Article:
Plaintiffs also argue that defendant failed to satisfy the requirements of the local rule. Under Local Rule 81.2, a defendant must include in his notice of removal (1) a statement of good faith belief that the amount in controversy exceeds $75,000, and (2) plaintiff's response to an interrogatory acknowledging that the damages sought are over $75,000, or declining to agree that the damages will not exceed $75,000, or plaintiff's admission or "a showing as to the deemed admission by such plaintiff by reason of plaintiff's failure to serve a timely denial to such a request" that damages sought exceed $75,000. Thus, a request for admission satisfies the local rule when the plaintiff either admits that the damages exceed the jurisdictional limit or fails to respond in a timely manner to the request, such that his lack of response can be deemed an admission. Despite the language of Local Rule 81.2, in Hahn v. The Coca-Cola Co., No. 04 C 3596 (N.D. Ill. 2004), the court found that objections to a request for admission could serve as the plaintiff's "deemed admission." Just as other courts do not appear to distinguish between responses to interrogatories and requests for admission for purposes of satisfying Local Rule 81.2, see e.g., Lilly v. Ford Motor Co., 2001 WL 1001158 at *1 (N.D. Ill. 2001), we are not inclined to split these hairs. However, the decision on whether remand is proper in this case does not hinge on procedural impropriety because we find that defendant does not establish a reasonable probability of diversity jurisdiction.

  To remove a case to federal court, the defendant must prove to a reasonable probability that federal jurisdiction exists. Haran v. Medtronic, Inc., 1998 WL 575278 at *1 (N.D. Ill. 1998). Because the parties agree that they are diverse, their dispute is over the amount in controversy. In the case of diversity jurisdiction, the defendant "has the burden of establishing by a preponderance of the evidence that the amount in controversy exceeds the jurisdictional minimum." Id. at 2 (citing Shaw v. Dow Brands, Inc., 994 F.2d 364, 366 (7th Cir. 1993)). In determining whether there is diversity jurisdiction, the court must weigh only the evidence available at the time the petition for removal was filed. Chase v. Shop 'N Save Warehouse Foods, Inc., 110 F.3d 424, (7th Cir. 1997). Thus, the court should not root its decision in predictions about what the plaintiff may do in the future. Courts resolve all doubts regarding federal jurisdiction in favor of remand. Doe v. Allied-Signal, Inc., 985 F.2d 908, 911 (7th Cir. 1993); CC Industries v. ING/ReliaStar Life Insurance Co., 2003 WL 21360905 at *2 (N.D. Ill. 2003).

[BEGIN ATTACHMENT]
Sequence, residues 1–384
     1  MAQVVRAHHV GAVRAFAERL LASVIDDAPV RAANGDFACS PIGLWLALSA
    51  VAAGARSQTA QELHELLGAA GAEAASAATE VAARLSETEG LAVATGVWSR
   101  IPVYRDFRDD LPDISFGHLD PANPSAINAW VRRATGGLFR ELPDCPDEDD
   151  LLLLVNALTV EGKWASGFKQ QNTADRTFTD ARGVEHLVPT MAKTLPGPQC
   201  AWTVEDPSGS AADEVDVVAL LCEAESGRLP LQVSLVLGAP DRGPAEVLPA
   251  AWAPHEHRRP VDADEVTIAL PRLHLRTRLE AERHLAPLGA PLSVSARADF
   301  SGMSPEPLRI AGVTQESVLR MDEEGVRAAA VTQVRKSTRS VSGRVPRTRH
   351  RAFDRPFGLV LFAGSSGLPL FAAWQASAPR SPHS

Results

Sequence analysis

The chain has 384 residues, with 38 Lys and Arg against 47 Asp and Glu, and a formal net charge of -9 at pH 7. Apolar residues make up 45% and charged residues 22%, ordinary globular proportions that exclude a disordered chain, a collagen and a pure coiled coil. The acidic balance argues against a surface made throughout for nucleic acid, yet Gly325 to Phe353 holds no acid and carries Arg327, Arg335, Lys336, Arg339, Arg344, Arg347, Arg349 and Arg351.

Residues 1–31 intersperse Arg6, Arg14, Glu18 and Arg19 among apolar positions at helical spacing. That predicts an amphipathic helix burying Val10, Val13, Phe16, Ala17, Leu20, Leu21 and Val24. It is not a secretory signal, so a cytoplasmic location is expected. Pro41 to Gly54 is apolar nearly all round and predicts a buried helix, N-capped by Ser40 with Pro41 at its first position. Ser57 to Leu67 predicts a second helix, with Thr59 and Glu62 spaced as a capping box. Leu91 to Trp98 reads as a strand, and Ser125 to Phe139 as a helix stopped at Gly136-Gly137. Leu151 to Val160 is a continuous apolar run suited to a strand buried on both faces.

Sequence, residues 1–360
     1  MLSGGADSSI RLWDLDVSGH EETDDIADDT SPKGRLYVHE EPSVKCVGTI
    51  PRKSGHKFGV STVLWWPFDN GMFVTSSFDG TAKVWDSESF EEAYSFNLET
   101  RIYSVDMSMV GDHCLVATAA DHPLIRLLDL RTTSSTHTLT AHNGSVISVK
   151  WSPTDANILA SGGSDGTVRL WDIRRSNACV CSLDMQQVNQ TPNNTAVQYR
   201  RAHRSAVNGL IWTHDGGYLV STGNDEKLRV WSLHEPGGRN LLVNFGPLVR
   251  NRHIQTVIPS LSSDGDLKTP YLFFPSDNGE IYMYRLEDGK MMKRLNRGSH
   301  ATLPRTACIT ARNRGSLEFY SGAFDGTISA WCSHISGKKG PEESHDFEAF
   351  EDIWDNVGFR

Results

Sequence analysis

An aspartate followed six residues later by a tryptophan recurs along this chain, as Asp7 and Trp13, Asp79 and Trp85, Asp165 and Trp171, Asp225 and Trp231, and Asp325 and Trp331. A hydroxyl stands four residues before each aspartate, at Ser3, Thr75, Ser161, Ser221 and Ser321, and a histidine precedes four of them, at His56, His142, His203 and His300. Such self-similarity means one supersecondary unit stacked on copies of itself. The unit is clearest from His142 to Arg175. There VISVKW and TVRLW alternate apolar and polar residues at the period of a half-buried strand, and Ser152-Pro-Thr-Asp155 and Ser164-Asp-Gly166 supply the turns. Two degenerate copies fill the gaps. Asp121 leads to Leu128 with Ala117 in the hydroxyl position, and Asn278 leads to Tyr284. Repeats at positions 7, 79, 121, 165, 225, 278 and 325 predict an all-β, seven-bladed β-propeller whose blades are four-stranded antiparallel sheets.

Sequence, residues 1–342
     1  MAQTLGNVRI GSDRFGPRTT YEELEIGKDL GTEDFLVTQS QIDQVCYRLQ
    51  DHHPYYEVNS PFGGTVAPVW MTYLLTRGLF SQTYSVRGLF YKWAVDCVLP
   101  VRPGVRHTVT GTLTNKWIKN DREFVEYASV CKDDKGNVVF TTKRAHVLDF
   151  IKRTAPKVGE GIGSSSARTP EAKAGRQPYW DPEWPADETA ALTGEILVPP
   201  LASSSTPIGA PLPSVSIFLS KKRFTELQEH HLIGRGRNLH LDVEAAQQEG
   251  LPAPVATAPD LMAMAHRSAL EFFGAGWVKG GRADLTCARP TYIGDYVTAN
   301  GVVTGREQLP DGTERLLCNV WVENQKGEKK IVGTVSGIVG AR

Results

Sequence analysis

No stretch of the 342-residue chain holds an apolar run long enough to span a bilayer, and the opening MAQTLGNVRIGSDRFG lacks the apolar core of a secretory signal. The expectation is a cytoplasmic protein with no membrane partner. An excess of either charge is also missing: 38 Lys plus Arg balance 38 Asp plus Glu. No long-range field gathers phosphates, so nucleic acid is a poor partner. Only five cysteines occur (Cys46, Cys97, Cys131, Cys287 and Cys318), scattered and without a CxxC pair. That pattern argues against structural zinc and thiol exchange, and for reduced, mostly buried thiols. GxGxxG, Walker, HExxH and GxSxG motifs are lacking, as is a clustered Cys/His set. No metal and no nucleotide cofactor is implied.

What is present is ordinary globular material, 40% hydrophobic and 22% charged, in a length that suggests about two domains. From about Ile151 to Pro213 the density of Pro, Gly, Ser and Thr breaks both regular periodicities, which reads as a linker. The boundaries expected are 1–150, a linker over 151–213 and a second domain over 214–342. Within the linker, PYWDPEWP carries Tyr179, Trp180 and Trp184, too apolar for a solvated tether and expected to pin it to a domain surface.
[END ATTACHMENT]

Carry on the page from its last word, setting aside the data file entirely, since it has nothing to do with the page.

We recognize that the facts of Hahn v. Coca-Cola, No. 04 C 3596 (N.D. Ill. 2004), in which Judge Conlon denied the plaintiff's motion to remand, mirror the facts in this case. Yet, we do not find that PepsiCo has met its burden for removal. To determine whether there is diversity jurisdiction the court begins with the complaint. Chase, 110 F.3d at 427 ("The starting point in determining the amount in controversy is typically the face of the complaint. . . ."); Haran, 1998 WL 575278 at *2. Plaintiffs' complaint contains clear statements that they "seek no relief, cause of action, remedy or damages that would confer federal jurisdiction" and "expressly disclaim any individual damages in excess of $75,000." Defendant maintains that plaintiffs' objections to its requests for admission establish that the damages sought exceed $75,000. Yet, these objections neither negate nor contradict the assertions in their complaint.